Writers should have the right to speak and write about what they feel, but it is "regrettable" that the society now does not have an atmosphere where there can be a healthy debate on diverse views, according to noted Tamil author Perumal Murugan.
The college lecturer, who once announced his "death" as a writer in 2015, is now trying to write in a different way than before, even as he admits that there needs to be a mindset and a calm atmosphere for him to write.
"As a writer, I should have the right to speak and write about what I feel. When there is criticism or opposition, then there should be opportunities to express them in a cultured way. That is what I feel. But that is not the case now with our society.
"The other person should have the view that I like. There should be space to express views that I do not like also. There should also be an atmosphere where there can be healthy debate about such views. Such an atmosphere not being there is regrettable," Murugan told PTI in an interview.
He was speaking on the sidelines of the Jaipur Literature Festival here.
Murugan, who teaches Tamil literature at a government college in Tamil Nadu, has authored many novels, collection of short stories, poems as well as non-fiction works.
His recent novel 'Poonachi', where the protagonist is a black goat, is turning into a best seller and is set to be translated into eight Indian languages.
As his publisher Kannan Sundaram mentioned, 'Poonachi' is travelling.
On whether tolerance level in the society has come down as seen in instances of writers and other personalities facing criticism for expressing their views, Murugan sought to see the evolving situation with a different lens.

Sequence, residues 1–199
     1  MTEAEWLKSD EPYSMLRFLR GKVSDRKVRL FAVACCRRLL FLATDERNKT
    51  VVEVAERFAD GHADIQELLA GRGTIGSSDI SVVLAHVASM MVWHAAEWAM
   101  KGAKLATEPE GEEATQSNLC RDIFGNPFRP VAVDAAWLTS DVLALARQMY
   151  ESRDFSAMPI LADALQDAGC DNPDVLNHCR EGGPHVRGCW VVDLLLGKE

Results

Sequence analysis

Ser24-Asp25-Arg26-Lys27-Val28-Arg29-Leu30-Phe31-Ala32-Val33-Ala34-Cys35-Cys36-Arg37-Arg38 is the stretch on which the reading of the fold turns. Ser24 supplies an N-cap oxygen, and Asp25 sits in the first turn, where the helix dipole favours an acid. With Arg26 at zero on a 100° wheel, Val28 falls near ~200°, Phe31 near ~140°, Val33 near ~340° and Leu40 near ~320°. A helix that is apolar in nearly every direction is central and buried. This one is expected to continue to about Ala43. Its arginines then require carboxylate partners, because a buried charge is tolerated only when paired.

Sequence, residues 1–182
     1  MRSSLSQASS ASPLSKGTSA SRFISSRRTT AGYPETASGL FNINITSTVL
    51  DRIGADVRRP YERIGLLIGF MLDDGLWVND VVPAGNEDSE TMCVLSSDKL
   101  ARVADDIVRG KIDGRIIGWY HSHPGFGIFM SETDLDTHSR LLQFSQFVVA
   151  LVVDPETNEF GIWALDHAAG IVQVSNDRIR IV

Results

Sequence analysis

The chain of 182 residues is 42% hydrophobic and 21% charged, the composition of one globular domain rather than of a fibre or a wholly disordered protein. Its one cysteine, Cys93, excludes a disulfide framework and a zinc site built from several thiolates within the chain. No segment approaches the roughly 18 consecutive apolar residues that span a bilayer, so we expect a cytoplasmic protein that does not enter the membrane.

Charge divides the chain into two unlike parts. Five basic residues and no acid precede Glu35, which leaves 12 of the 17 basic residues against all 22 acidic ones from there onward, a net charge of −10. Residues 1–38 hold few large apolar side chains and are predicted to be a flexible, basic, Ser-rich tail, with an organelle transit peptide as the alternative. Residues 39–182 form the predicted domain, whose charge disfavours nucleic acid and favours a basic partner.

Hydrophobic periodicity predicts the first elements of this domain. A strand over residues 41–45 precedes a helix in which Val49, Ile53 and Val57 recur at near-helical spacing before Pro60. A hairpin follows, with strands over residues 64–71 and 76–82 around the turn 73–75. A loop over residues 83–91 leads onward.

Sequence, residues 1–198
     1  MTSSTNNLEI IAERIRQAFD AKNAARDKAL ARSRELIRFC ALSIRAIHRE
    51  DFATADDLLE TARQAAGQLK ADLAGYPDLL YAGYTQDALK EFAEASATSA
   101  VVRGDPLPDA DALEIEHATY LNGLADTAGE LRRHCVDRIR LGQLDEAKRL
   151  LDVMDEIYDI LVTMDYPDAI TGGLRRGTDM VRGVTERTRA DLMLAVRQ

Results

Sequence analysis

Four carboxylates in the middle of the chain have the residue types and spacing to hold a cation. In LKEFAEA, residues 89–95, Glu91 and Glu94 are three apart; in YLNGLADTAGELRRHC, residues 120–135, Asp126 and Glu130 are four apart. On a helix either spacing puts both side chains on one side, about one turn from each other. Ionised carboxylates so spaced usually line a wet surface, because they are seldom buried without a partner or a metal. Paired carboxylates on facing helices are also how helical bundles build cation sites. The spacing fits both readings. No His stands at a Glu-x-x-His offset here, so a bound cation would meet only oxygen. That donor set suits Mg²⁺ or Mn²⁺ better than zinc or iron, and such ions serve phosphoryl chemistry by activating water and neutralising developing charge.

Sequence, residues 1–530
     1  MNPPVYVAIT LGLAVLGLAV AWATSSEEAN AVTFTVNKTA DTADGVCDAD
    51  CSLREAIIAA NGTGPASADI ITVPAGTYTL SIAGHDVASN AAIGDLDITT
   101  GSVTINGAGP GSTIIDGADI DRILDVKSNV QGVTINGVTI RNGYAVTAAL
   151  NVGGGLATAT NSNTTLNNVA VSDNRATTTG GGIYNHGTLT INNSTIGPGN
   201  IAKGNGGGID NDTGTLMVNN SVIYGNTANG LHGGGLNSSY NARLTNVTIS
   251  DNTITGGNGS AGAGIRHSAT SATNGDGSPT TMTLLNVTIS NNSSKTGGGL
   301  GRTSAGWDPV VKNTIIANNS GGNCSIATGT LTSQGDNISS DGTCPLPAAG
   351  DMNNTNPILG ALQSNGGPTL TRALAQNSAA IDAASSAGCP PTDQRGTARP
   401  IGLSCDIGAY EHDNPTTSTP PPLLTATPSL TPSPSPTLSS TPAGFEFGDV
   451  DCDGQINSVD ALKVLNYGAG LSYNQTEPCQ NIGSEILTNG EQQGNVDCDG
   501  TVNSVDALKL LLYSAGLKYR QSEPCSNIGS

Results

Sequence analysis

"Rather than saying that tolerance level has come down, I would say the awareness has increased. Writers now have more awareness about freedom of expression and that what has happened to one person could happen to another person. People are writing about it, discussing about it, so there is an increased awareness," he opined.
For writers, Murugan has the message: "We should not stop writing but how it should be expressed, we (writers) should select it," he noted.
Following protests by right-wing and caste-based groups against his Tamil novel 'Madhurobagan', which was translated into English titled 'One Part Woman', Murugan through a Facebook post had announced his own "death" as a writer in 2015.
After a Madras High Court order related to freedom of expression, a ruling which Murugan says was a wonderful one, he resumed his writing.
After taking a hiatus for more than a year, Murugan is of the view that he is now trying to write in a different way than he used to do earlier.
There are a lot of techniques in literature and a lot can be done with language, Murugan said as he stressed that if one way of writing creates a problem then the writing can be done in a different way which is what he is trying.
On whether that means toning down or being less sharp in his writing, he said, "I don't have much idea about that but I am trying in a different way".
In his preface to the original Tamil edition of 'Poonachi' that was published in 2016, Murugan's words echo, at least partly his harrowing experiences.
"How long can an untold story rest in deep slumber within the dormant seed? I am fearful of writing about humans; even more fearful of writing about gods.
"I can write about demons, perhaps. I am even used to a bit of the demonic life. I could make it an accompaniment here. Yes, let me write about animals," he wrote.
On whether we can see him in politics at some point of time in the future, he ruled out any such possibility.
"There is no such possibility. I am a writer. I like writing and reading and don't have interest in other things," he emphasised.